I've been at my new job for three weeks now and I love it. It's a good job in a nice area of town, the commute is not too difficult, and I can listen to my iPod at work. The things that are not so pleasant about the job are those things we all find in our offices no matter where we live or what we do: difficult co-workers, unfriendly people, office politics...you all know what I mean.
I have noticed these things in my new place of work, but what I've also noticed is how indifferent I am to all of it. I am in my 30s now, have a law degree, and have worked in several different fields. I have learned to focus on what really matters. I can remember my first job out of college and subsequent jobs as I moved on and up the job ladder. I invested so much in those jobs. I cared about the office gossip, I came home at night tearing my hair out over idiot bosses or stupid co-workers. Now...I don't. I don't care about office gossip and I don't come home tearing my hair out over bosses or co-workers who have issues. Now, I let it go and I realize that none of it matters.
This is not to say I'm immune from workplace annoyances, but that is all they are: annoyances. They are no longer the big, draining, all-consuming investment I once made in the workplace goings on. Right now, I am dealing with a difficult co-worker and I vent to friends and family about her, but then I let it go. It doesn't stay with me the rest of the day and into the evening. It gets carried out of my mind on the breezes of love and happiness that make up my life.
It is so easy for us all to fall into the pattern of complaining about the issues and people at work that bother us. This afternoon I made the conscious decision to stop myself when I do fall into the venting. Even though my negative thoughts don't stay with me any longer, the fact that they show up at all means that I need to make a concerted effort to privately acknowledge them when they come to my mind and then let them go without ever giving them a voice. To give them a voice is to give them power.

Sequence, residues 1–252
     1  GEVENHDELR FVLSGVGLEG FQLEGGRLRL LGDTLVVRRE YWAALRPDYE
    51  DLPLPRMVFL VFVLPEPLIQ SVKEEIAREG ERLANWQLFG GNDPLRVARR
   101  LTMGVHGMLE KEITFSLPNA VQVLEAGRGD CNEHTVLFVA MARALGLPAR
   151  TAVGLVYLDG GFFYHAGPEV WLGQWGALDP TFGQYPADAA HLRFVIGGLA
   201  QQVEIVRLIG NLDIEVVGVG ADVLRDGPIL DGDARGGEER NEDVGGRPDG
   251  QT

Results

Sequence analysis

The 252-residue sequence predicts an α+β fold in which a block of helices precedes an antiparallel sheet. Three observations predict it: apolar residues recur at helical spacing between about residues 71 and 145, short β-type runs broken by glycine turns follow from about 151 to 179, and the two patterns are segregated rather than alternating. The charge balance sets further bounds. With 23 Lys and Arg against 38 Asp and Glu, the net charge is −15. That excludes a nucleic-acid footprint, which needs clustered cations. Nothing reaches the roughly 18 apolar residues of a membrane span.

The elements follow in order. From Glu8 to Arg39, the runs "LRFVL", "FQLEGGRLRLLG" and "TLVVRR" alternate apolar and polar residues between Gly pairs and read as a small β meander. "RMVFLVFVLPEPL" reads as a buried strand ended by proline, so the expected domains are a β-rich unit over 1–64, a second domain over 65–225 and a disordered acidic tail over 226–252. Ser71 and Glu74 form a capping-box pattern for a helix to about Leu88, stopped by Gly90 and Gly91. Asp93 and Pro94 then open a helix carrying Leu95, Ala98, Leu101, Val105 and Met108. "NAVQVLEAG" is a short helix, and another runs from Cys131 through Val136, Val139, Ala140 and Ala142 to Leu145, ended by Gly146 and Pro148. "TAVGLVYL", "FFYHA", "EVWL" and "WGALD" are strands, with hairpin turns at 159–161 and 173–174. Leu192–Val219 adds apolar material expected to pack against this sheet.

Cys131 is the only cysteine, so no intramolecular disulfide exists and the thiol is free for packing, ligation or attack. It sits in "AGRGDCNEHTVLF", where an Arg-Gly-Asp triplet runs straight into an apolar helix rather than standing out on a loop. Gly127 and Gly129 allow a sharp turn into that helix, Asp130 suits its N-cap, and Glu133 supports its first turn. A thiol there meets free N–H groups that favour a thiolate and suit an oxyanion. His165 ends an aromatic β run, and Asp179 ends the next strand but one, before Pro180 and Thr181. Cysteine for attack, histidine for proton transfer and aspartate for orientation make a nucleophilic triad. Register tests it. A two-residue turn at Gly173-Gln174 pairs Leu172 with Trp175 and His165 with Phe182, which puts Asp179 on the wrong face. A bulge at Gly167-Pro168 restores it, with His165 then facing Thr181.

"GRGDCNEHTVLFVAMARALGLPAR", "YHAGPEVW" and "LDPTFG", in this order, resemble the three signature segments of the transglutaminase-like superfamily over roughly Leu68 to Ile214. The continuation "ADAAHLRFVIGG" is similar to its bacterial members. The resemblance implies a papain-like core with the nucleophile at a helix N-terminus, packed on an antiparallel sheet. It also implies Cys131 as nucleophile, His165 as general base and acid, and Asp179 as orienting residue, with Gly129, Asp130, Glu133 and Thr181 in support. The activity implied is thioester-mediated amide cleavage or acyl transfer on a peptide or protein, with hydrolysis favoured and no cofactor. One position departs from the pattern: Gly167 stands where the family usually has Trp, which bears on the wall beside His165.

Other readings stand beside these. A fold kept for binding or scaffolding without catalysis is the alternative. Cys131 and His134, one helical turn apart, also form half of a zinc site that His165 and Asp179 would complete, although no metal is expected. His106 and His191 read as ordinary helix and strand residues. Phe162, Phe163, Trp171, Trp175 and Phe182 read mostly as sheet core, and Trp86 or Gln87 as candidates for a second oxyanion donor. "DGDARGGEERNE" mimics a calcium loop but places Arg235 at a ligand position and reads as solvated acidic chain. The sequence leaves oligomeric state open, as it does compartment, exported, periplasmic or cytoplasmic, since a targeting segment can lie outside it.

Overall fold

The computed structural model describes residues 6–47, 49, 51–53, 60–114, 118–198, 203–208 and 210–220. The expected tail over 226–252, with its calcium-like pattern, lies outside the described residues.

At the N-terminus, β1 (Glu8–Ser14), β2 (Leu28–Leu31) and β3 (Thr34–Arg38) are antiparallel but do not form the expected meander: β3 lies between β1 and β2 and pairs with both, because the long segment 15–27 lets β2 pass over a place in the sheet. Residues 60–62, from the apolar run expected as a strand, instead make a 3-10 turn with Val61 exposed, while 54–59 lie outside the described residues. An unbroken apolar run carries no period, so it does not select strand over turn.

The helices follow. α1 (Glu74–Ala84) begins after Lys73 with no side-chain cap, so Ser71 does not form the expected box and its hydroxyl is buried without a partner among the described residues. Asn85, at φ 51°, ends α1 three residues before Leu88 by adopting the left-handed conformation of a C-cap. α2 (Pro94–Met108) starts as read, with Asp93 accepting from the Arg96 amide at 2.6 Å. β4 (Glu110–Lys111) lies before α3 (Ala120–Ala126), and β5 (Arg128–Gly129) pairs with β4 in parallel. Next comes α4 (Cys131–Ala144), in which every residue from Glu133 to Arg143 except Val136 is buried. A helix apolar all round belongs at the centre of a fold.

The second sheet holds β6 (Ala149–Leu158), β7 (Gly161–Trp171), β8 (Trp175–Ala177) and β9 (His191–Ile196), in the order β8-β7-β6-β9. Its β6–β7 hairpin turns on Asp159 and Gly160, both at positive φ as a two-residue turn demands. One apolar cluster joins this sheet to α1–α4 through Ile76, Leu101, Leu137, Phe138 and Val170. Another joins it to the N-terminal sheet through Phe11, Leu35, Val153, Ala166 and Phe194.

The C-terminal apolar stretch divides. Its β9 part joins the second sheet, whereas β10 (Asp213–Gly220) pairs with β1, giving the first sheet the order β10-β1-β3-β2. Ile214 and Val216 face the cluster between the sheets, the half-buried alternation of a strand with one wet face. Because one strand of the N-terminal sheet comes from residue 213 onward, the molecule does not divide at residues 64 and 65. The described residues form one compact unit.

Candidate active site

For the first time in my working life, I realize how unimportant the trials and tribulations of the working world are. I have goals and plans in front of me (my future career plans will soon be revealed here) that I am excited about pursuing. I have so much to look forward to and that is what I focus on during the day. I do my work to the best of my ability, but everything else falls away as I remember that my good thoughts and positive actions may turn that difficult co-worker around, that there is nothing I can add to office gossip that won't be negative and possibly hurtful, and that everyone around me is a teacher to me as I am to them. I hope they learn something good from me.